Remarks at Town Hall Meeting on the Release of the First Quadrennial Diplomacy and Development Review, “Leading Through Civilian Power”
Dean Acheson Auditorium, Washington, DC, December 15, 2010
Video length: 1:01:59
Transcript of the town hall meeting is here.
QDDR Fact Sheet
QDDR Executive Summary
QDDR Full Report High Res (242 pages)
QDDR Full Report Low Res (242 pages)
Excerpts of interest from the townhall:
On mid-level gaps:
SECRETARY CLINTON: Well, I’ll start, and then Raj wants to add.
Look, we want to take advantage of the experience that is available. And our first preference is, of course, to take advantage of Foreign Service experience. And we will look at ways of reaching out and attempting to do so. But we will not stop there if we cannot find the experience. And I just think you need to recognize that we are very respectful and – (applause) – and deeply grateful for the level of experience, expertise, and dedication that we have in our Foreign Service family, but we also have a job to do. And so we will give every effort to try to find people, whether they’re willing to come out of retirement or what else we can entice them to do. But at the end of the day, I’m responsible for making decisions that are in the best interests of the United States of America, and that’s what I will do. (Applause.)
ADMINISTRATOR SHAH: I’ll just add that that question, obviously, was specific to the State Department Foreign Service, but the same issue, of course, is something we’ve tried to be very thoughtful about, at the Secretary’s guidance, with respect to USAID. And we’ve had a chance to both quantify the needs at mid-level and explore how what we’ve learned from the Development Leadership Initiative, which has now brought in 625 new Foreign Service officers at USAID over the last several years. And we have proposed this – a limited but focused and skill-based targeted increase with the mid-level career hiring. And – but we want to do it in a way that’s respectful of all the points you raised, that allows for training, that protects the career growth opportunities for especially new entrants into the Foreign Service, and that enhances our capacity to deliver the types of results the Secretary spoke about. So thank you.
On inclusive and collaborative leadership
So in all of these areas, part of it is organizational, part of it is operational, part of it is funding, but a lot of it is attitude and mindset. And it doesn’t take anything away from State or AID or DOD or HHS or anybody else if we recognize the value added that everybody brings. And so that’s my goal. Because frankly, we – if you look at sort of the problems we face and the challenges we will have in funding our responses, we’ve got to work together and we also have to create this partnership, as Steve was saying, with DOD to kind of enhance what each of us can do more effectively.
the concept of inclusive leadership. So to give you a very specific example, we just completed – we’re in the process of doing the senior management group assignments for USAID. We restructured how we do that process so that each senior manager gets evaluated on their interagency performance and skill. That’s basically how we interpret inclusive leadership. And the resulting set of recommendations I got for the top priority mission leadership posts were substantively different. Different people were chosen because we changed the criteria, and the group that came together to debate who’s going to perform well against these new criteria came up with different answers.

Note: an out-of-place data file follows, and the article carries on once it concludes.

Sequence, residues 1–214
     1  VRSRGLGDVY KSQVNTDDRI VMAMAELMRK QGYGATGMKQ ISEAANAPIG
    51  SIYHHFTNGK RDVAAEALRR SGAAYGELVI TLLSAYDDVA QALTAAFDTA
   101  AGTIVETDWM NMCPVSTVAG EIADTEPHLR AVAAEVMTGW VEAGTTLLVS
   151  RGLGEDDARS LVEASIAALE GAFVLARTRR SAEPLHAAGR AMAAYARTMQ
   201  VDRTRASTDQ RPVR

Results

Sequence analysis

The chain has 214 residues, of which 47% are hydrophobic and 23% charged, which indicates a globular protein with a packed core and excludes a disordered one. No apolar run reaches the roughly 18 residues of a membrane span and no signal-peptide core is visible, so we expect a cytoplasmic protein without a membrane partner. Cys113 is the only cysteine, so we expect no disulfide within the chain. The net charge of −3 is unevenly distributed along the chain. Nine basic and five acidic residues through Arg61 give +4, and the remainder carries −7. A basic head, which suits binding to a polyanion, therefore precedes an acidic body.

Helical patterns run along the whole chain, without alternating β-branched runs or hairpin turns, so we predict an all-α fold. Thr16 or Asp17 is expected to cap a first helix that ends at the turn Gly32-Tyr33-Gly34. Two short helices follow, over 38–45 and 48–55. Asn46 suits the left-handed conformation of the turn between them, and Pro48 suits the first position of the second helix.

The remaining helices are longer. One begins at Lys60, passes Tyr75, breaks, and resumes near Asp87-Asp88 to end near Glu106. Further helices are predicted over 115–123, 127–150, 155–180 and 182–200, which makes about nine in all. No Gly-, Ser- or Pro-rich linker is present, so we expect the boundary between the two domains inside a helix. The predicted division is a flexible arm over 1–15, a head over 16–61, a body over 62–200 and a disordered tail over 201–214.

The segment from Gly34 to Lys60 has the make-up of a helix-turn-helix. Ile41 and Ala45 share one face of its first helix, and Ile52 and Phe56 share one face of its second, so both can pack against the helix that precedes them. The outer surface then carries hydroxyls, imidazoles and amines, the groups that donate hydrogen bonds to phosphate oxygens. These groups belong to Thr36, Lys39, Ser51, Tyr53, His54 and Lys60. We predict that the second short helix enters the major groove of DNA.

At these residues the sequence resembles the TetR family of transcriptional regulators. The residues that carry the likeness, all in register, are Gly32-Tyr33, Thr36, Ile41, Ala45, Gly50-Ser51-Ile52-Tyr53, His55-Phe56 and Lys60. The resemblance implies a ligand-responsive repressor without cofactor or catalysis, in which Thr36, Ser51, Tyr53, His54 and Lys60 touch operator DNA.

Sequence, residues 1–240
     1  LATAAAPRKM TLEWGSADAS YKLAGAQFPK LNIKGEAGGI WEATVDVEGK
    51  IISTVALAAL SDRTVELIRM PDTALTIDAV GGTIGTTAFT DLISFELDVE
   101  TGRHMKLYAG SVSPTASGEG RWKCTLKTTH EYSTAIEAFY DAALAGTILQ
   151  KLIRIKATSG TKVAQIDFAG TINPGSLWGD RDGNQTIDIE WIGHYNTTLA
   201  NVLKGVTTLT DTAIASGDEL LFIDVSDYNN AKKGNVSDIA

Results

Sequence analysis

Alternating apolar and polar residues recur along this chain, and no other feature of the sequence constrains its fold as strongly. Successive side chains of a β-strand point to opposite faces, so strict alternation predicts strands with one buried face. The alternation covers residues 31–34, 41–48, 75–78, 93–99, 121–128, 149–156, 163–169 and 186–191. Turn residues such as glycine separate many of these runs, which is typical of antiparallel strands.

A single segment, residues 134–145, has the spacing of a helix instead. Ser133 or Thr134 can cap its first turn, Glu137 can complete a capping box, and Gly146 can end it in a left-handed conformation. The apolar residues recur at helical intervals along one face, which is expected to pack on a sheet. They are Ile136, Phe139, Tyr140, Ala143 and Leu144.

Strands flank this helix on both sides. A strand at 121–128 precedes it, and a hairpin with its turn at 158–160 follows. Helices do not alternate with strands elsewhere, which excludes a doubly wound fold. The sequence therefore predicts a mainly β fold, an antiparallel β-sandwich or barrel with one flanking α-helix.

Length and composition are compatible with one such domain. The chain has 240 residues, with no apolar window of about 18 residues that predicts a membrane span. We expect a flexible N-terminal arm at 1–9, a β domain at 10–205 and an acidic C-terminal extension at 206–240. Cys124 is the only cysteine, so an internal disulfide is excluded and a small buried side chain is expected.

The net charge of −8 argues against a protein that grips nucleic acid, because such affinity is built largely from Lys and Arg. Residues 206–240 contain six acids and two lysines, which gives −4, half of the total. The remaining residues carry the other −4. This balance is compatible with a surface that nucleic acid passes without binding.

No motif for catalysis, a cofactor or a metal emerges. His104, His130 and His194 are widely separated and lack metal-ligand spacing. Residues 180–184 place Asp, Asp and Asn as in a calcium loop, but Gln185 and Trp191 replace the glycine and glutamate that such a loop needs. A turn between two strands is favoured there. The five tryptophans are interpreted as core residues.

We’re going to take that even further by building that criteria into actual performance reviews for the Foreign Service and the SES Civil Service. And we’ve actually had a lot of great conversation at different levels of the agency and amongst the new Development Leadership Initiative members of the Foreign Service about what that means and how that – how we need to have a shift in our mindset as it relates to that point. So I would just add that it’s a very clear aspiration in the document. No document gets you the outcome. We have to manage to that in very specific and concrete ways.
A changed world …. “everyone a potential leaker” (teh-heh!)
Otherwise, as we now know, it’s not the world of 10 years ago, let alone 50 or 100 years ago. Everybody is a potential source. Everyone is a potential blogger. Everyone is a potential leaker. (Laughter.) And therefore it would be, I think, beneficial for American foreign policy if we demonstrated as strong a presence as possible in a country after having worked through all the various and sundry jurisdictional turf problems that we know exist. This is a work in progress. It’s not going to happen overnight. But we have had enough examples in the past whereas if we don’t have that unified U.S. Government position, we are working at cross-purposes to our own ends, and that is just not going to cut it in the 21st century.
No reward for good infighters:
MR. STEINBERG: Just to be very specific, we’ve been – Anne-Marie and I have been talking with all of our ambassadors around the world and all of our mission directors together, and we’ve done it specifically together to communicate the same message. And one of the things that we’ve been communicating to all of our AID mission directors is you will no longer be rewarded for being a good infighter. It’s not about fighting for turf. It’s not about AID-centric activities. It’s about the results that you produce; and recognize that in order to produce those results, you need to be working as an inclusive leader with the interagency process. And one of the clear messages that the QDDR communicates is that the AID mission director is the development advisor within the missions overseas. But it also says, with that designation, comes the responsibility for changed behavior. (Applause.)